Brutus, no. 127 Feb. 1788Storing 2.9.150--51
To discover the spirit of the constitution, it is of the first importance to attend to the principal ends and designs it has in view. These are expressed in the preamble, in the following words, viz. "We, the people of the United States, in order to form a more perfect union, establish justice, insure domestic tranquility, provide for the common defence, promote the general welfare, and secure the blessings of liberty to ourselves and our posterity, do ordain and establish this constitution," &c. If the end of the government is to be learned from these words, which are clearly designed to declare it, it is obvious it has in view every object which is embraced by any government. The preservation of internal peace--the due administration of justice--and to provide for the defence of the community, seems to include all the objects of government; but if they do not, they are certainly comprehended in the words, "to provide for the general welfare." If it be further considered, that this constitution, if it is ratified, will not be a compact entered into by states, in their corporate capacities, but an agreement of the people of the United States, as one great body politic, no doubt can remain, but that the great end of the constitution, if it is to be collected from the preamble, in which its end is declared, is to constitute a government which is to extend to every case for which any government is instituted, whether external or internal. The courts, therefore, will establish this as a principle in expounding the constitution, and will give every part of it such an explanation, as will give latitude to every department under it, to take cognizance of every matter, not only that affects the general and national concerns of the union, but also of such as relate to the administration of private justice, and to regulating the internal and local affairs of the different parts.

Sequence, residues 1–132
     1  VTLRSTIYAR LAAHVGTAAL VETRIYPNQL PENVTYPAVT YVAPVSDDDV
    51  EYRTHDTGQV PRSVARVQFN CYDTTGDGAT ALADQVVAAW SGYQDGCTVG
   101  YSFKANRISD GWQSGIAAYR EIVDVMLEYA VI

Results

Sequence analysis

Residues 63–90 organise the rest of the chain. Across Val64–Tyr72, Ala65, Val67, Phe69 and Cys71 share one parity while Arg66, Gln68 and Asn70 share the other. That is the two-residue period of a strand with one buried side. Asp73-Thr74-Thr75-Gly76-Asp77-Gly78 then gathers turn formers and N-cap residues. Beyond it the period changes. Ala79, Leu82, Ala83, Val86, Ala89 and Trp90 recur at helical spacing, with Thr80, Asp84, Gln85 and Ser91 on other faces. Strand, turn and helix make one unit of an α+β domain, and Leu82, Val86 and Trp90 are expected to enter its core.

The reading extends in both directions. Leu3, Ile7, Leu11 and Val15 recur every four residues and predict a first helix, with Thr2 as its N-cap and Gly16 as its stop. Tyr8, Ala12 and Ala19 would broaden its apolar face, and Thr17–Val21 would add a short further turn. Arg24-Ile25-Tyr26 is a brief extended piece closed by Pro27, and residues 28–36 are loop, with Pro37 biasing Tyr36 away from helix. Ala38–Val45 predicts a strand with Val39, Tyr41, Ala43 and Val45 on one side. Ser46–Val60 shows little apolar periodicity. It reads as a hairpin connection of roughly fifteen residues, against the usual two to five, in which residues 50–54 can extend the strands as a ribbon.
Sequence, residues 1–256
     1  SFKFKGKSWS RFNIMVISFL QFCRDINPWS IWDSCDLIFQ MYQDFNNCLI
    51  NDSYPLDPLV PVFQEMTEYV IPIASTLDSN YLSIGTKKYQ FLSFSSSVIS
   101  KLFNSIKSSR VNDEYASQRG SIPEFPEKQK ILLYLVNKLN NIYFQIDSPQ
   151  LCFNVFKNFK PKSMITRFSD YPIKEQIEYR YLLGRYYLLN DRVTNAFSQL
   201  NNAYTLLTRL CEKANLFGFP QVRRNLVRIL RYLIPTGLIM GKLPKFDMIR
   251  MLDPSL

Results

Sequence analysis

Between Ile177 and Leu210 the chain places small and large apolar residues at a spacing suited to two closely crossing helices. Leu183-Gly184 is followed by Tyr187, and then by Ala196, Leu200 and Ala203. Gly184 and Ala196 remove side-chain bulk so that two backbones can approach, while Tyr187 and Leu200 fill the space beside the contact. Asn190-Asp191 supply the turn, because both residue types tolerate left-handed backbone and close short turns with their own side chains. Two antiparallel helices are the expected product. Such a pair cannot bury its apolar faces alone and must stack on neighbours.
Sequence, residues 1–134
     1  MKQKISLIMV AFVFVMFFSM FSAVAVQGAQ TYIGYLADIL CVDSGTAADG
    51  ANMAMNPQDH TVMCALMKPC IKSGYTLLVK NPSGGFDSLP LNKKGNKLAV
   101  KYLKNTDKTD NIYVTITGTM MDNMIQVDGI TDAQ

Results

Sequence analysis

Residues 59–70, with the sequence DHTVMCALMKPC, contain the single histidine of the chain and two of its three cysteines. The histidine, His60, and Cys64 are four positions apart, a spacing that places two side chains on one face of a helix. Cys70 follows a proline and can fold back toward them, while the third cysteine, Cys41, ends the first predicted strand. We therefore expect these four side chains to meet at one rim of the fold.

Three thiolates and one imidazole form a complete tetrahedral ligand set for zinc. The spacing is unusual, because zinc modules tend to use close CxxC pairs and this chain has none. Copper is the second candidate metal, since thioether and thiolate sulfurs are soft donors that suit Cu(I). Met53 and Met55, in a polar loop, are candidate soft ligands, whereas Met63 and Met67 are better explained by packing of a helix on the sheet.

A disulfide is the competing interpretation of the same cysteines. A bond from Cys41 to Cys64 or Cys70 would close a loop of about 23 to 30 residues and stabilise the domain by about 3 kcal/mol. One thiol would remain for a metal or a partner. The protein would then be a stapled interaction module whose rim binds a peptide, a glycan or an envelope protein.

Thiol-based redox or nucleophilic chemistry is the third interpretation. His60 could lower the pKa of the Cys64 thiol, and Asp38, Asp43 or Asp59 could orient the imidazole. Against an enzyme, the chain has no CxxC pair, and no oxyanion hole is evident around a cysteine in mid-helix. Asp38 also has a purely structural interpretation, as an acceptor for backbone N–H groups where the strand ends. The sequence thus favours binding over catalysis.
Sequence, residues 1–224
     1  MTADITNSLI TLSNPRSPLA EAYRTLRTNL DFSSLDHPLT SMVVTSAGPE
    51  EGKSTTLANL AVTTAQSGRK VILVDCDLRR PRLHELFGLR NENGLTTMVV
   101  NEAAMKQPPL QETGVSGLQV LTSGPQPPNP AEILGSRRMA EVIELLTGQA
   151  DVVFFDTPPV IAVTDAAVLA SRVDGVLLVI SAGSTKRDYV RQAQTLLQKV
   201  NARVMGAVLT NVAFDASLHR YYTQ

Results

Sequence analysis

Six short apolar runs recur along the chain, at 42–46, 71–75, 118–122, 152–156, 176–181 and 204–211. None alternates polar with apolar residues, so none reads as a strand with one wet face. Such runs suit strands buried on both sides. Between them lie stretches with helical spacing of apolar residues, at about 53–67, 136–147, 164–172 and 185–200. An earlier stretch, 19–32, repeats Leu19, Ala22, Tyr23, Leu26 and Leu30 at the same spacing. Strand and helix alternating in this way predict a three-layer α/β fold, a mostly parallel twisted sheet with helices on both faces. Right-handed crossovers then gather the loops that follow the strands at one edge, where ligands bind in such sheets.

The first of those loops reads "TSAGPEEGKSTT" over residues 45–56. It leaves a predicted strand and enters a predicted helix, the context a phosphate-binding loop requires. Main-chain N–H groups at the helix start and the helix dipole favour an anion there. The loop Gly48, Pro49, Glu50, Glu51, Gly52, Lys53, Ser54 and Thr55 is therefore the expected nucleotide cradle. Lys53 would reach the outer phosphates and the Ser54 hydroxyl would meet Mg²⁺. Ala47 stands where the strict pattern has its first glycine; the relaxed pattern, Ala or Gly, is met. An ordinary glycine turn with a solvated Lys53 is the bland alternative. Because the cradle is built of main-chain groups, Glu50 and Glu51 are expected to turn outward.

Such a rule of exposition is not only consistent with the general spirit of the preamble, but it will stand confirmed by considering more minutely the different clauses of it.
Storing, Herbert J., ed. The Complete Anti-Federalist. 7 vols. Chicago: University of Chicago Press, 1981.
© 1987 by The University of Chicago